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third with those small dark-coloured water-flies which are to be found moving about on the surface, under banks and sheltered places. The trout fed with worms grew slowly and had a lean appearance; those nourished on minnows, which, it was observed, they darted at with great voracity, became much larger; while such as were fattened upon flies only, attained, in a short time, prodigious dimensions, weighing twice as much as both the others together, although the quantity of food swallowed by them was in no wise so great. Whatever may be the fact, we are certainly inclined to think, from all that has been advanced by naturalists, that opinions as to different species and varieties should only be formed upon the surest grounds, and should not be received without the greatest caution. What can be said of the opinion of ordinary folks, when even a professed naturalist tells us that “the various names of common trout, sea trout, and salmon trout apply only to differences arising from age, sex, season, the character of the water, and the sorts of food which they can procure.” With due deference to this learned authority, we will remark that the names of sea trout and salmon trout are

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undoubtedly synonymous, and apply to a wellknown and recognised species of the migratory salmonide, but one entirely distinct from salmo fario, the common trout, which, unlike the sea or salmon trout, never changes its abode from the fresh water.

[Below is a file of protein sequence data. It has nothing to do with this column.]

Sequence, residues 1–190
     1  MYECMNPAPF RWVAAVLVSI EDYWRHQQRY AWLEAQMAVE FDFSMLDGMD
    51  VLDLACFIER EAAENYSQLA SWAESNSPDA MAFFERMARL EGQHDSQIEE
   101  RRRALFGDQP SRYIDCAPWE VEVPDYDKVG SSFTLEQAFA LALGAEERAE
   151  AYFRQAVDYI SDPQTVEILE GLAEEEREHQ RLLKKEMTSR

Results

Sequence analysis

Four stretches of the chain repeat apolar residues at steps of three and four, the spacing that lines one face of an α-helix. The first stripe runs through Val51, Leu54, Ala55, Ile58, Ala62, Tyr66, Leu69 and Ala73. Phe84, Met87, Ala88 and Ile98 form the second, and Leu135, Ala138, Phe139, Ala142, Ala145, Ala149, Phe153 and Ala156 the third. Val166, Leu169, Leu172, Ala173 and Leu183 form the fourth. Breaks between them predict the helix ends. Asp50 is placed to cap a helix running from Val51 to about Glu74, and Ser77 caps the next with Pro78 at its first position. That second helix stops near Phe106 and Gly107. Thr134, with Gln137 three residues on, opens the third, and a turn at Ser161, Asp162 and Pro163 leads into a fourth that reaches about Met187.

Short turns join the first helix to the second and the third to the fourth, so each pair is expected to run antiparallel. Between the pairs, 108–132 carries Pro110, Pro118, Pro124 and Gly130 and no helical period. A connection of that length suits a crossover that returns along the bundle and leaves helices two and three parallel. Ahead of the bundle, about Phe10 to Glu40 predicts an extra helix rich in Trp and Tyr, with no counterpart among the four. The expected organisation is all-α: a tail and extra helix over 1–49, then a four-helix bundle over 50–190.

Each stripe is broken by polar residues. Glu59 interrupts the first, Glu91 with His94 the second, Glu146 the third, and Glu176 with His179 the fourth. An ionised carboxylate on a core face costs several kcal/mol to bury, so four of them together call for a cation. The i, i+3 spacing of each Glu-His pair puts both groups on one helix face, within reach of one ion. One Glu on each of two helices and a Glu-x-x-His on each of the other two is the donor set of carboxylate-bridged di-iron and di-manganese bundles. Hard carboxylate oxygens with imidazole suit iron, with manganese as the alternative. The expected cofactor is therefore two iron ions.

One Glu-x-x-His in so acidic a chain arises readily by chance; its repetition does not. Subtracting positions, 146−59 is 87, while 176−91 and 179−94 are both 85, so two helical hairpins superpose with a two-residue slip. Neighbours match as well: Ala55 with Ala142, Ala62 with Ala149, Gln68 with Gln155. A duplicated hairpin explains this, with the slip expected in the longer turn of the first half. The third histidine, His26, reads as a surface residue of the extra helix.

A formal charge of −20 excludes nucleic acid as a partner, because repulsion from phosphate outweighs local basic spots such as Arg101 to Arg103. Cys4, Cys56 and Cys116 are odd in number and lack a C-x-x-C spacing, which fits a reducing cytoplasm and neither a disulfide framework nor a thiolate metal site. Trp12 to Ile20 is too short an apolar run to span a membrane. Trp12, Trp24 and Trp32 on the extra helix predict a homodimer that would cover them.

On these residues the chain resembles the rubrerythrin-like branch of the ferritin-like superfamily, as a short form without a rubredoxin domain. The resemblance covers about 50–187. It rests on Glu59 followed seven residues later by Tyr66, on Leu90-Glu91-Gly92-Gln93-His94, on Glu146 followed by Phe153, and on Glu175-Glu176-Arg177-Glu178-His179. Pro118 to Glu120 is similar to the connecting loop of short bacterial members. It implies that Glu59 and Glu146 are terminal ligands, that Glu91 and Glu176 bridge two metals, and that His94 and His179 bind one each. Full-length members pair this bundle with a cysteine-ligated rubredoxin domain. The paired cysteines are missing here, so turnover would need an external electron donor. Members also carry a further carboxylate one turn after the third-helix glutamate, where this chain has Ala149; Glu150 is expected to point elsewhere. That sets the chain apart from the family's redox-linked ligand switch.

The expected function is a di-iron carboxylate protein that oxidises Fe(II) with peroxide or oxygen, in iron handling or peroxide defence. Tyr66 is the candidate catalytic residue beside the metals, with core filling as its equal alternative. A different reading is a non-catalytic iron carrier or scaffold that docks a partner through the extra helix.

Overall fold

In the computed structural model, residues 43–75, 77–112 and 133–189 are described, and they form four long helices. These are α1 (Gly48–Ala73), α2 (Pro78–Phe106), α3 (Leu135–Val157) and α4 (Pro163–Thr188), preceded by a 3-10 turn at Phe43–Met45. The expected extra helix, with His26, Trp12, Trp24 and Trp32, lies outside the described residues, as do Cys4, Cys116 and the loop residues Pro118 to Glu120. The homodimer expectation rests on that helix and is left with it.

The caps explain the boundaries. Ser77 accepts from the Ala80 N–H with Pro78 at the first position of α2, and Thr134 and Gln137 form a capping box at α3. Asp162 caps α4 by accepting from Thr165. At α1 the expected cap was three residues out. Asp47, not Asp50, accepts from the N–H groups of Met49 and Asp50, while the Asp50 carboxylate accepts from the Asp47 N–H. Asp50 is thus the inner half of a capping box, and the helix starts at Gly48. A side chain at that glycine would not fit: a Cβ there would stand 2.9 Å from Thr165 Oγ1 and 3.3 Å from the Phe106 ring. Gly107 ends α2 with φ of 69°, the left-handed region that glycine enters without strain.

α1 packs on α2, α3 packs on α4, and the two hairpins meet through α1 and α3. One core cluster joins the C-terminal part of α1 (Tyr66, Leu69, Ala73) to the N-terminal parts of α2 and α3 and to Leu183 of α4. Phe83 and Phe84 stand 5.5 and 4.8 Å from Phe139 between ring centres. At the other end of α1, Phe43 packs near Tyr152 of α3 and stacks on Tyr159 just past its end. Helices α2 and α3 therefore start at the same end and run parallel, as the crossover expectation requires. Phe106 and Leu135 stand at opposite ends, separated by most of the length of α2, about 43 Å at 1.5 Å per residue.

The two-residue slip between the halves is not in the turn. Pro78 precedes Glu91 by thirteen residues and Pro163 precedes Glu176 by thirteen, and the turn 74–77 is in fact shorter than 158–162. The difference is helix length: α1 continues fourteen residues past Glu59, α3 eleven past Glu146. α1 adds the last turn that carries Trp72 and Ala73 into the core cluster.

The size of river trout, which, in a general sense, is characteristic of neither species nor variety, varies considerably in different localities and under different circumstances. In brooks the trout of the largest size are seldom above six ounces, while in rivers favourable to their growth, and protected from poachers, they often reach as many pounds. The Thames, among other streams, often produces gigantic specimens—as large as twelve and fourteen pounds; and in many of the rivers of Hampshire, Wilts, and Dorset, they are often taken of five or six pounds. Occasionally the capture of some veritable monster becomes the subject of record, as, for instance, a specimen taken in 1824 in the river Clist, near Topsham, Devon, by a Mr. Hall of that town, which measured thirty-four inches in length and twenty in girth, and weighed more than twenty-three pounds. We have seen an engraving of this portly individual, which, if faithfully represented, must have been a splendid specimen. Many other Brobdig

nagian trout have been chronicled in works on natural history. Mr. Yarrell describes one of twenty-five pounds “ that was captured on the 11th of January, 1822, in a little stream ten feet wide, branching from the Avon, at the back of Castle Street, Salisbury.” It is, however, by no means clear to us that these extraordinary specimens were all really common trout, for the evidence is doubtful in some cases, owing to the uncertainty about the ability of their captors to distinguish between the large migratory and other species. But an instance has come under our own knowledge which cannot admit of dispute, for the water in which were captured the specimens of which we shall speak is miles from the sea, and has not the slightest communication with it through any of its numerous feeders. We refer to the reservoir of the canal at Chard, in Somersetshire, a piece of water covering some seventy acres, in which common trout weighing six and eight pounds were taken with the net within two years after its construction; and one was found dead on the bank, about the same period, which weighed more than a dozen pounds. These fish must have been supplied from the neighbouring tributary 'brooks, in which a trout above six inches long is perhaps never seen; and they afford additional